Update: I’ve had a bit of feedback from readers who can’t get their truffles to set. I’ve therefore amended the method for the recipe so that the mulled wine is reduced down before adding it to the ganache. I did get great results using the original method, but obviously there is something not quite right. Apologies.
I’ve been a bit quiet for the last week or so, and for a very good reason – I’ve been busy baking. Christmas is pretty much THE best time to be a baker, with all the cookies, marzipan, chocolate, and booze-soaked fruit you can imagine. So I took a couple of weeks out from publishing recipes to make a great head-start on the festive goodies.
And seriously, there are so many festive goodies coming your way in the next two months.
So let’s get things merrily rolling along with the first bake of the festive season – some silky smooth mulled wine chocolate truffles.
If you’re anything like me then you’ll love making truffles. Firstly, they’re made of all the good things – chocolate, butter, and cream. Unhealthy as hell, but they make fantastic gifts this time of year. Or you can always just eat them all yourself of course.
They aren’t hard to make either, and I’ve even got a couple of tips to help you out if things start to go a little pear shaped.
Chocolate truffles are, in essence, just a mixture of melted chocolate and double cream. Yeah, we’re going to add in some butter for smoothness, some mulled wine for the Xmas-Factor, and a pinch of ground cinnamon for that little extra spice, but everything good in a truffle starts and ends with the chocolate. Please use good quality chocolate, and preferably dark chocolate – at least 60% cocoa solids. If you don’t like the taste of the chocolate you are planning on using, then adding some cream and mulled wine isn’t going to make it any better. Trust me.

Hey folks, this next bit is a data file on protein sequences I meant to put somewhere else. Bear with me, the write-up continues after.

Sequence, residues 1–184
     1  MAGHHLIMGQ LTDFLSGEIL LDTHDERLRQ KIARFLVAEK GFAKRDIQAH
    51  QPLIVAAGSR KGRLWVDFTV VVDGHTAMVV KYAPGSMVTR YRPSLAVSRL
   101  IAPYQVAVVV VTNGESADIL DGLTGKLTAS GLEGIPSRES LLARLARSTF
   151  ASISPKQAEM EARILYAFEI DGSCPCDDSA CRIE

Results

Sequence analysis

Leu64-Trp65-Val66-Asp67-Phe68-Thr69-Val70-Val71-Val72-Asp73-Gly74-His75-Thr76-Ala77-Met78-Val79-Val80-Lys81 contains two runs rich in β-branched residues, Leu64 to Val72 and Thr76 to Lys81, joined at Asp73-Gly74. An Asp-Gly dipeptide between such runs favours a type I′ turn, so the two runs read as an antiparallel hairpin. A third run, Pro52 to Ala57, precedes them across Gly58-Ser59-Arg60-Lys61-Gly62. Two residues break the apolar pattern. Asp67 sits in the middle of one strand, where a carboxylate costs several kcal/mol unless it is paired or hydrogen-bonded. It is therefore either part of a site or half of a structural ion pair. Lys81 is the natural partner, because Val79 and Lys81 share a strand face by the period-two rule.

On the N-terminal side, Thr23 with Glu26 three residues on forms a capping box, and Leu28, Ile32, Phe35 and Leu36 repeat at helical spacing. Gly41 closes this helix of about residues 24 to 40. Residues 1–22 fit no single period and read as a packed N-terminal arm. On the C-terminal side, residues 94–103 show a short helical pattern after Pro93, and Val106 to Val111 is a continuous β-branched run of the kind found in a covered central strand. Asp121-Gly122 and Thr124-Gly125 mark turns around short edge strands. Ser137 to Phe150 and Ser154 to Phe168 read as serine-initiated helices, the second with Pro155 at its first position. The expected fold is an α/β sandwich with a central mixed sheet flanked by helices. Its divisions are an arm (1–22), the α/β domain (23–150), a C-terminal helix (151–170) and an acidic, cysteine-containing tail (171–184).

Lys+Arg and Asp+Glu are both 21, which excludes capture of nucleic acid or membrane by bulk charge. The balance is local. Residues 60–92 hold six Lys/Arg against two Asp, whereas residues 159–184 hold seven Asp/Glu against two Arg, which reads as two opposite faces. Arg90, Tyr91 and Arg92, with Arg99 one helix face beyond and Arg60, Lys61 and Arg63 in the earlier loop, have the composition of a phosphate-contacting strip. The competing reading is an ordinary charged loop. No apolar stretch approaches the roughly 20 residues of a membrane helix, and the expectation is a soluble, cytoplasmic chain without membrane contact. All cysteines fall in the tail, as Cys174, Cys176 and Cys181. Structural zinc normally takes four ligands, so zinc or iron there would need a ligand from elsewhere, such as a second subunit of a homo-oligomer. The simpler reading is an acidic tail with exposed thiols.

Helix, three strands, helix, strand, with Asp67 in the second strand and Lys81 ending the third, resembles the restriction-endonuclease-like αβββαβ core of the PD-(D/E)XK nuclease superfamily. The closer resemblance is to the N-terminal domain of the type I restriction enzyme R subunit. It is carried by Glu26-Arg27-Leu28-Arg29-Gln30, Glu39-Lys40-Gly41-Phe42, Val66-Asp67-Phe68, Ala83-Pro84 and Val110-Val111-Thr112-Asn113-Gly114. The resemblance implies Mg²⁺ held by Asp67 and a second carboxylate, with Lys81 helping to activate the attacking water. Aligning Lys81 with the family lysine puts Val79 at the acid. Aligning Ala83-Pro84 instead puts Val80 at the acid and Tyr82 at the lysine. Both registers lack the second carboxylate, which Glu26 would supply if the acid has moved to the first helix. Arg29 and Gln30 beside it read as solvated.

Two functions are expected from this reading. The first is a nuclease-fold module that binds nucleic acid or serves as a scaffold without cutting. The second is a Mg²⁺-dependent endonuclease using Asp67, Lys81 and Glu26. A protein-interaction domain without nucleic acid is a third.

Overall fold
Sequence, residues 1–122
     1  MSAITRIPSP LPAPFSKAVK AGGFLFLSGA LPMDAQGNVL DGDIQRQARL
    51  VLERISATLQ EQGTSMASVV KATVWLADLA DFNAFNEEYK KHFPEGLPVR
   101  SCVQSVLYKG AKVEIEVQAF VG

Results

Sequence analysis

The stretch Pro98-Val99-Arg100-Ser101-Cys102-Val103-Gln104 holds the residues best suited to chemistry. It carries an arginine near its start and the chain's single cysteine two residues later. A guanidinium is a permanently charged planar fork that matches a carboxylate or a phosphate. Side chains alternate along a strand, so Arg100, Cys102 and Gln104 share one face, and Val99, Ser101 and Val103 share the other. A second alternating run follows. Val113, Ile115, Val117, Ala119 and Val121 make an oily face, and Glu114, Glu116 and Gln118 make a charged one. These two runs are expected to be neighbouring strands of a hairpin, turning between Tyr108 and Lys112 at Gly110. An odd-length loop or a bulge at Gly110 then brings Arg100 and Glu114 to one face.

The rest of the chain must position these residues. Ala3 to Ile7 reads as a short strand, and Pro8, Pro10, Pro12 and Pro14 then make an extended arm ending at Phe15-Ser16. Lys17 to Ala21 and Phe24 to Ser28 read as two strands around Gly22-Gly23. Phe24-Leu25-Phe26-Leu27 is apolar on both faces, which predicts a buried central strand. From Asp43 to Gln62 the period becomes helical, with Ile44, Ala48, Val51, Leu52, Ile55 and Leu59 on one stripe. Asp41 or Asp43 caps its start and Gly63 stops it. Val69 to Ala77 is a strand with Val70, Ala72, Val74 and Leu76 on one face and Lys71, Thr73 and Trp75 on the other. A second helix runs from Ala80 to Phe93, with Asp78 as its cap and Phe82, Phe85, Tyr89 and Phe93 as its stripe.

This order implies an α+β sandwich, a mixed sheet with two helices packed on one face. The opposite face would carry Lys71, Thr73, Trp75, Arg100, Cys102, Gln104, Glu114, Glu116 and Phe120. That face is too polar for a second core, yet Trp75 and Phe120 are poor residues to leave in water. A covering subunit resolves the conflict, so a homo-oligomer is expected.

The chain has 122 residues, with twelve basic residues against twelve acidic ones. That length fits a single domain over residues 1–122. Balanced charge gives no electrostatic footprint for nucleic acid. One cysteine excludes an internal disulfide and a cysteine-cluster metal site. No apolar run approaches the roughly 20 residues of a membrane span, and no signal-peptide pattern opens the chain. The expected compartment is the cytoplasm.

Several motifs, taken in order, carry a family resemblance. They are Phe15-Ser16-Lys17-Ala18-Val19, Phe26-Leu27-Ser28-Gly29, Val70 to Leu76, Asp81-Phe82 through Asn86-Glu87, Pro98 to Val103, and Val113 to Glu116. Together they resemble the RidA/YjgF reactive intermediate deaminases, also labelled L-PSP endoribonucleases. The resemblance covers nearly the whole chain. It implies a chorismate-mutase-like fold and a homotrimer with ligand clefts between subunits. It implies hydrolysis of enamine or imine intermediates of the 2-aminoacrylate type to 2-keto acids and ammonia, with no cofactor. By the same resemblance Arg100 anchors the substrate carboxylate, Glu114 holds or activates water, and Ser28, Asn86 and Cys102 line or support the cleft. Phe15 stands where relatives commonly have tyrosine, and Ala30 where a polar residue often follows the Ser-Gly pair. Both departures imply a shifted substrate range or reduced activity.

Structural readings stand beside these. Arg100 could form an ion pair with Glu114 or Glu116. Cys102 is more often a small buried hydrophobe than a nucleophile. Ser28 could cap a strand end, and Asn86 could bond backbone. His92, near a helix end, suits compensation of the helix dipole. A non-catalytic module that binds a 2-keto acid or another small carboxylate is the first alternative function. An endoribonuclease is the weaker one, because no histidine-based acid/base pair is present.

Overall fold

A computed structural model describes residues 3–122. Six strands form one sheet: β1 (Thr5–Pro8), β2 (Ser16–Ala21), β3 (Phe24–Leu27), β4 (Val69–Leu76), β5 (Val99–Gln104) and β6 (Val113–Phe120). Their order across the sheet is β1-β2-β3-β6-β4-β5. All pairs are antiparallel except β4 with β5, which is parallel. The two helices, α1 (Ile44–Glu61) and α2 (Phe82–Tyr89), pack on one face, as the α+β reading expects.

If you’re new to the world of truffle-making, then you might still be familiar with chocolate ganache. Ganache is the yummy product of mixing melted chocolate and warm cream together, and is great for filling layer cakes with, or for making chocolate tarts. But the thickest (and bestest) ganache is reserved for chocolate truffles. Once you’ve mastered ganache, you will very rarely have problems, but if you’re a newbie then there are a couple of core things to remember to avoid turning your silky smooth ganache into something split, oily, and gross.
- Melt the chocolate first, and add hot (almost boiling) cream to it. The heat is the only way to get the chocolate and cream to blend together, and helps to avoid an oily mess.
- Gently stir the chocolate and cream together. Don’t go in all heavy handed. Ganache is a delicate beast, and needs a bit of TLC to make sure it fulfils its true potential.
- If the ganache does split, then don’t panic. Warm up a couple of tablespoons of cream in a saucepan, and add it into the split ganache. Give it 20 seconds, and then gently stir together. This will usually be enough to bring everything back together. If not, ignore tip 2 above, and whisk the hell out of it with an electric hand mixer, until it’s nice and smooth.